Why is this you may ask? The answer is of course complicated and varied, but simply put, all of your five senses (hearing, vision, smell, taste and touch – not the five flavours) work in harmony to help the other senses. The sense of taste is the best example of this. The way a food is broken down in your mouth, the heat of it and its consistency all change your perception of flavour. Very hot and very cold food will taste less flavoursome than  moderately heated or moderately cold food, which is why things like ice cream custard needs to be extra sweet before it is frozen. This also explains why we all love chocolate so much. Cacao butter (the fat used in good chocolate) happens to turn from solid to liquid – i.e. it melts – at almost exactly the same temperature as your tongue. Put a piece of chocolate in your mouth and it instantly melts which releases all kinds of volatile flavour compounds carried within the fat.


Studies have even shown that if you listen to a crunching sound while eating crunchy food it will make the food seem even more crispy than it actually is. If you listen to crunching sounds while eating soft food (such as ice cream) then you will experience a weird sensation of knocking your teeth together. This is because the crunching sound triggers your brain think it is crunching down on something hard and causes your muscle jaw to relax so as not to break your teeth on something brittle, while the nerves in your mouth will experience only smoothness. This in turn confuses your senses and causes your jaw to chomp down to see what is going on. If you have a recording device I suggest you try it by playing back the crunching noises through headphones, it is quite bizarre.

And then there is the chewing gum trick. We all know that how chewing gum loses its flavour about 5 minutes after you first started chewing it. Yet if you take the chewing gum out of your mouth and leave it for a few hours and then put it back into your mouth it seems as though the flavour comes back briefly? This is because your brain learns to associate flavours together.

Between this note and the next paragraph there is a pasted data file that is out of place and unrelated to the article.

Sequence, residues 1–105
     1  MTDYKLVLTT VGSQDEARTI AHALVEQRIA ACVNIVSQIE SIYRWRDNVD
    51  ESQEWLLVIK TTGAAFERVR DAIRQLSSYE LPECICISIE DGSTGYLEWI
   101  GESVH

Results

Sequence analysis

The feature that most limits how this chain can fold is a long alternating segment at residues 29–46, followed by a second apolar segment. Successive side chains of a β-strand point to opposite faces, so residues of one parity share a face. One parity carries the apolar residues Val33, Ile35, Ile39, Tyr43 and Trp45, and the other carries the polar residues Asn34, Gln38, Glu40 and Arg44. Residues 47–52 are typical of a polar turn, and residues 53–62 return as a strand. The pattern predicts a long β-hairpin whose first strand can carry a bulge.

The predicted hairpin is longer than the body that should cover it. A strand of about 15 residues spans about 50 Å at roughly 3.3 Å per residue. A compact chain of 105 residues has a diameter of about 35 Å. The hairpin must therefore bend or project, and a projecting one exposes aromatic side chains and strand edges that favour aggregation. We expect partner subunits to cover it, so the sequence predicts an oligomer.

When you first put the chewing gum into your mouth it is covered in a sugary coating or at least has sugar or sweetness in it. Pretty soon the sugar dissolves and disappears. Your brain has already associated the minty flavour of the gum along with the sugar. So when the sugar disappears, your brain stops associating the minty flavour it was perceiving.

The minty flavour is in fact still there. It lasts for hours. If you put the gum aside for a while your brain loses the association somewhat which is why you can taste the mint again. You can try eating a teaspoon of sugar water once your gum has ‘lost its flavour’ and you will see that it instantly comes back as long as the sugar lasts in your mouth. This is one of the reasons why the more salt, sugar or chilli you add to your food the more you will find you have to add in the future to get the same taste.

And finally, there is the reason why so many fine dining restaurants serve up such small helpings. It is not just to squeeze more money out of you and leave you feeling hungry and unsatiated. The reason why they do this is because  your brain actually tires of flavour quite quickly. If you keep eating the same flavour for any period of time that flavour will significantly diminish. Whereas if you only eat a little bit of something then your brain perceives the most amount of flavour without ‘getting bored’. This is an important factor in feeling satiated, but also an important factor in getting the most flavour out of your food. If this is what you are after, do what the fine dining restaurants do and serve up many small dishes with differing flavours. Just don’t expect feel as full as quickly.

Taste really is in the eyes, nose, mouth and ears of the beholder.